When I was here before (1990) we stayed in tents. Since then, however, Del Monte Corp. built an open-air "lodge" that was given to the park service and is now abandoned except for Tim's birding trips. He maintains the two-story cement and wood building. Downstairs in "Fisher's Lodge" (photo below left) is a huge open-sided dining, kitchen, and clothes drying area. There are even flush toilets! And a private shower stall. A local family stays with us to cook, heat water for bathing, wash clothes, and the men act as guides. Everyone slept upstairs on pads and sleeping bags, except for Don who was given a separate tent outside. There are kerosene lamps at night for dinner and writing the day's notes (below left), and these attract some of the most spectacular moths I've ever seen (below right; both photos © Anne & Jon King).
23 & 24 Dec (Mt. Kitanglad): We had two full days to bird Mt. Kitanglad. Back in 1990, the viewpoint opposite the Philippine Eagle nest was just a few hundred yards from camp [see my "Seeing the Great Philippine Eagle" page for photos of that nest]. The viewpoint is still just above Fisher's Lodge, and there is still forest on the other side of the steep canyon that had separated the viewpoint from the nest, but now the eagles almost never come this far down the mountain. Back in 1990, there was essentially just forest from our camp and up the mountain. Back then we heard chainsaws going all the time. Today the forest above camp has largely been cleared and converted to agricultural fields. One must now walk several hours to reach decent, unbroken forest. Sure, there are still patches here and there, but the entire mountainside is now over-run with water buffalo ("carabaos"; right), vegetable fields, and small huts. Mt. Kitanglad is now in much worst shape. So every day we get up before dawn to hike up the mountain to reach forest (below; photo © Anne King).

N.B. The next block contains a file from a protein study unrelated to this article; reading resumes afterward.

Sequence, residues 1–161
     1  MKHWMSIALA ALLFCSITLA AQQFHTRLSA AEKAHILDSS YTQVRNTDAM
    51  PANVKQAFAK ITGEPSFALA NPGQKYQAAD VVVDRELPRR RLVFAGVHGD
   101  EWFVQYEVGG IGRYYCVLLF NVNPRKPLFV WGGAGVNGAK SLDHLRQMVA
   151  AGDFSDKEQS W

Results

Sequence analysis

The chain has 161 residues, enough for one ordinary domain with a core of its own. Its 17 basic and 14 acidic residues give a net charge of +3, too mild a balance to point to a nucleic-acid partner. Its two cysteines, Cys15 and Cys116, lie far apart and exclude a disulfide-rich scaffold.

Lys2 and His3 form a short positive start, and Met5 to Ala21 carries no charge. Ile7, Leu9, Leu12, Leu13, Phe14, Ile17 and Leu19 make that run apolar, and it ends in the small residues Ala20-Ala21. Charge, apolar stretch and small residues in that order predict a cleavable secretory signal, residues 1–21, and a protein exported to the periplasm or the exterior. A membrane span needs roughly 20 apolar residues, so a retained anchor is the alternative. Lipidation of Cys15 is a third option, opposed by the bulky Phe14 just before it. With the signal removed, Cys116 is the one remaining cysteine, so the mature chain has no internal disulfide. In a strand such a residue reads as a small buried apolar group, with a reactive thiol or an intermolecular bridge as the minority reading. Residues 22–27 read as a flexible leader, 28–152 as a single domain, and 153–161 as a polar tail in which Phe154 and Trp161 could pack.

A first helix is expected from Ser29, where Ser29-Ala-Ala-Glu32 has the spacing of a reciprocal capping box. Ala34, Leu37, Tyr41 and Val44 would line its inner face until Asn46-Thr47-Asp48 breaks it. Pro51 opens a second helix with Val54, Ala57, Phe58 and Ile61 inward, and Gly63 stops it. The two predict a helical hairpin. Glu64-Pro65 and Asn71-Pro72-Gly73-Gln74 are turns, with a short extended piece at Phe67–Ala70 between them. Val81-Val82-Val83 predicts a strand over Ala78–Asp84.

Fortunately, there are still a wide variety of birds on the mountain. We saw Colasisi ("Philippine Hanging-Parrot;" above left; © Blake Matheson) daily, and Mountain White-eye (above right) was very common. Other montane specialties recorded included Mindanao Racquet-tail, McGregor's Cuckoo-Shrike, Stripe-breasted Rhabdornis, Black-and-cinnamon Fantail, Gray-hooded Sunbird, Red-headed Tailorbird, White-browed Shortwing (seen briefly), Olive-capped Flowerpecker, Black-masked White-eye, and Cinnamon Ibon (traditionally placed with white-eyes but not even closely related to them). There were large flocks of migrant Eye-browed Thrushes flying early and late. At the highest elevations we reached (above 1900m, or ~6200') we had flocks of Apo Myna, a half-dozen Apo Sunbird, and JK & BTM had White-cheeked Bullfinch. Our highest point was 1961m (6434' elev.).